A Fairfax County schoolteacher has been found to have viral meningitis, bringing to three the number of confirmed cases in the county over the past week.

The teacher at Armstrong Elementary School in Reston was hospitalized late Friday, authorities said yesterday. Citing privacy rules, health officials said they could not release the patient's name, age or the grade that he or she teaches.

Two 16-year-old students at Chantilly High School were infected last week. Health officials confirmed that both suffered from viral meningitis, which left one of the girls dead.

No link has been found among the cases.

Courtney "Kay" Richard, a sophomore, died Thursday of meningitis after four days in hospitals. The other Chantilly student, who has not been identified, is recovering. She was being treated at Inova Fairfax Hospital and showing signs of improvement yesterday, said Kimberly Cordero, a spokeswoman for the Fairfax County Health Department. The girl was listed in stable condition.

A 12-year-old boy who attended Franklin Middle School in Chantilly died last week, but authorities do not believe meningitis was the cause. The results from his autopsy are expected this week, said Gloria Addo-Ayensu, Fairfax's director of health.

Health officials said they had no reason to believe that the Reston case is connected to those in Chantilly. The infected teacher does not know the students from Chantilly and has had no known contact with them, authorities said. The two western Fairfax communities are about seven miles apart.

It could be a week before officials determine whether the two Chantilly High School cases are definitively linked, said Kitty Porterfield, a Fairfax schools spokeswoman. Initially, officials were not sure what form of meningitis the girls had, but the Health Department confirmed yesterday that it was viral.

Craig DuBois, president of Armstrong Elementary's PTA, said he is concerned about the new meningitis case involving the teacher at his 7-year-old son's school.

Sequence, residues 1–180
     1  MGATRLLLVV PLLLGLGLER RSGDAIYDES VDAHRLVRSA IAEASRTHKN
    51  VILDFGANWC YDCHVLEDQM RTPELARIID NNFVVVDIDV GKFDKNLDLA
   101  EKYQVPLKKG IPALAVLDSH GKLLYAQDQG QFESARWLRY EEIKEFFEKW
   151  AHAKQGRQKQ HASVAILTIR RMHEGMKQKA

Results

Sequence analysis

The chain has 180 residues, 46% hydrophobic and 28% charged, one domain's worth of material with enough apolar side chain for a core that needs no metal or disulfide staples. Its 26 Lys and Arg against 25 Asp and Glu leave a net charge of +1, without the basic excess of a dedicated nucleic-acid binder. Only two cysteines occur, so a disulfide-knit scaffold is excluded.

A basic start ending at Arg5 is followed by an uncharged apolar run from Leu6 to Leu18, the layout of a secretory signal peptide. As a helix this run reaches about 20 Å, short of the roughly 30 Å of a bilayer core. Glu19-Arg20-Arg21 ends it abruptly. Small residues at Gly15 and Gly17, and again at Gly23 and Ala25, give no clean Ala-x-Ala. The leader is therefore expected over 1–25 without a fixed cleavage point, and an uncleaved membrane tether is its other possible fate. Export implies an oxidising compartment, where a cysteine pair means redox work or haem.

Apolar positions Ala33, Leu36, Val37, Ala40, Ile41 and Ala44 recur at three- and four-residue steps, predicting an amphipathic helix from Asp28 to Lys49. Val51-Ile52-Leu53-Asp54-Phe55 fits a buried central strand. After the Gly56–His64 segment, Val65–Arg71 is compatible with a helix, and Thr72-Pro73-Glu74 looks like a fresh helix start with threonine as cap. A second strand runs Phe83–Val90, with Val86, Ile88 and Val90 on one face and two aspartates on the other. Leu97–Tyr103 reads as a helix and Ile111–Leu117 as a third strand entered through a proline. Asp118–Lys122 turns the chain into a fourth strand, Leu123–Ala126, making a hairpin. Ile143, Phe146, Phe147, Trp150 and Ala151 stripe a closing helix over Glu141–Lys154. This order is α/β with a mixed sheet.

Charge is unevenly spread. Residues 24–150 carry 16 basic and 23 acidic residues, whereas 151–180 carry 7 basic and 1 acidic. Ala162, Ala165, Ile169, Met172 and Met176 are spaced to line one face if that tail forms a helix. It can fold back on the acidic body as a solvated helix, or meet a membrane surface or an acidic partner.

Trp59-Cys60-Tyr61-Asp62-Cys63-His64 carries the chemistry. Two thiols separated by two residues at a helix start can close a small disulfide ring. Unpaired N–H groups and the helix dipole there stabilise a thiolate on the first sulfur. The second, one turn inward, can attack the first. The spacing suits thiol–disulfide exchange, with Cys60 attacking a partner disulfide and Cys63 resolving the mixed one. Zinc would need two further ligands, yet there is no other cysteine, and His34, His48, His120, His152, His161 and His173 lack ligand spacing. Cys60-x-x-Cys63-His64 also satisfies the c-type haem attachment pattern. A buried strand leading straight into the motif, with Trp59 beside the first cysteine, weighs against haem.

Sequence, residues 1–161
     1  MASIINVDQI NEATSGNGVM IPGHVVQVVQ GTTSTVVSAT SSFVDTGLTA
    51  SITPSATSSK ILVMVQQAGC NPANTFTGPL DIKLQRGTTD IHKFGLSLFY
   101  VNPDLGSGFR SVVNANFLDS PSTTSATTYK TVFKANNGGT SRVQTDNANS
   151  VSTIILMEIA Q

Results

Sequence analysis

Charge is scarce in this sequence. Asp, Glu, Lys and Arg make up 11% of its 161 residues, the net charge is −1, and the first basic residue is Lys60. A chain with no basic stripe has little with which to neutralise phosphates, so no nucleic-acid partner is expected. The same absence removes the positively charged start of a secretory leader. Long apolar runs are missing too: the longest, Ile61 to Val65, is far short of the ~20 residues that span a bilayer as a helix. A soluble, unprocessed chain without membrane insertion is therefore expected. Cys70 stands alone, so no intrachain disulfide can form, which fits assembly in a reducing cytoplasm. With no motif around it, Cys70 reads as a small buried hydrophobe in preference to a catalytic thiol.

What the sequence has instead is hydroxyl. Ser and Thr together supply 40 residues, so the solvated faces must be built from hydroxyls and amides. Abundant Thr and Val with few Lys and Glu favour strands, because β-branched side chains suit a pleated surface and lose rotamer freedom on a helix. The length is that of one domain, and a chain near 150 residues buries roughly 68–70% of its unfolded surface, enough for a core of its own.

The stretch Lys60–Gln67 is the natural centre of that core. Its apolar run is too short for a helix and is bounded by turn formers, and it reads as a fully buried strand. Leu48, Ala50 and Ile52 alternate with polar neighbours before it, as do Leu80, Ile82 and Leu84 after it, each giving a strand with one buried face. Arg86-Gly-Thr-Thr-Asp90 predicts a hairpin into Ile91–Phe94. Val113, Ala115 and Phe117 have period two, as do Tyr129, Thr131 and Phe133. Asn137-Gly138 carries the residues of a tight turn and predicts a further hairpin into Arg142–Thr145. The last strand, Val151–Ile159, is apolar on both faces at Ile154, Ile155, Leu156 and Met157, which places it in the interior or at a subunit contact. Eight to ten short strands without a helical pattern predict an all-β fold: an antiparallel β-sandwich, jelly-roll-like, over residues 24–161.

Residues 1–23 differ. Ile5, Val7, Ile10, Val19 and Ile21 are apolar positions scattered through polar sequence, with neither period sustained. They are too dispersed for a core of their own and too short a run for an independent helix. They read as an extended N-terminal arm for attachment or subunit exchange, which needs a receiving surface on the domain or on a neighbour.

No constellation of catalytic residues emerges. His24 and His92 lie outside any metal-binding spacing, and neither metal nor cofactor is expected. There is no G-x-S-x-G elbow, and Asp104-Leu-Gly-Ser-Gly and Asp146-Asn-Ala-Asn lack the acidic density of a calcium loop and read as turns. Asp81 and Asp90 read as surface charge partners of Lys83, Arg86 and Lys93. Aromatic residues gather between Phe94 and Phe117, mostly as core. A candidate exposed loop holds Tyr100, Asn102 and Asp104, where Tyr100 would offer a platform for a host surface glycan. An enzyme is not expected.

"I would be even more concerned if school were still in session," DuBois said. The school year ended Friday for most Fairfax schools.

"Now it's less likely that if someone were infected, that they would pass it on," he said.

Health officials said that summer and fall are the peak seasons for meningitis and that a smattering of cases in a relatively small geographic area is not unusual.

"Typically, you may or may not hear about [such cases] because they don't end in tragedy or death," said Lucy Caldwell, spokeswoman for the Virginia Department of Health.

"Most times, people do recover. So certainly this is a serious situation. . . . But the best precautions people can take, no matter your age or if you're a student, are to try to keep your immune system healthy, get enough rest . . . wash your hands and do not share drinks, especially this time of year," Caldwell said.

Rather than panicking, people need to be aware of the symptoms, said Kathy Harben, a spokeswoman for the U.S. Centers for Disease Control and Prevention in Atlanta, especially if they know they've had contact with someone who has been ill.

Meningitis is an infection of the fluid that surrounds the brain and the spinal cord. Symptoms include severe headaches, a stiff neck, sensitivity to bright light, drowsiness, confusion, nausea and vomiting. It is spread by direct contact, such as with the saliva or mucus of an infected person.

Viral meningitis is generally less severe than the bacterial form, and most people with healthy immune systems recover fully after a period of rest.

Porterfield said public health officials have assured the school district that the virus is "way low on the scale" of risks to students.

"Viral meningitis is a disease that does not send up red alerts in the Health Department," she said. "We're trying to not create huge panic in this part of the county."

Although bacterial meningitis can be life-threatening, the symptoms of the viral form resolve themselves in most cases, said Denise Sockwell, an epidemiologist with the Virginia Department of Health.

Porterfield, who was monitoring the cases over the weekend, said school officials will keep parents up-to-date.

Anyone who detects symptoms of meningitis should call a physician, officials said.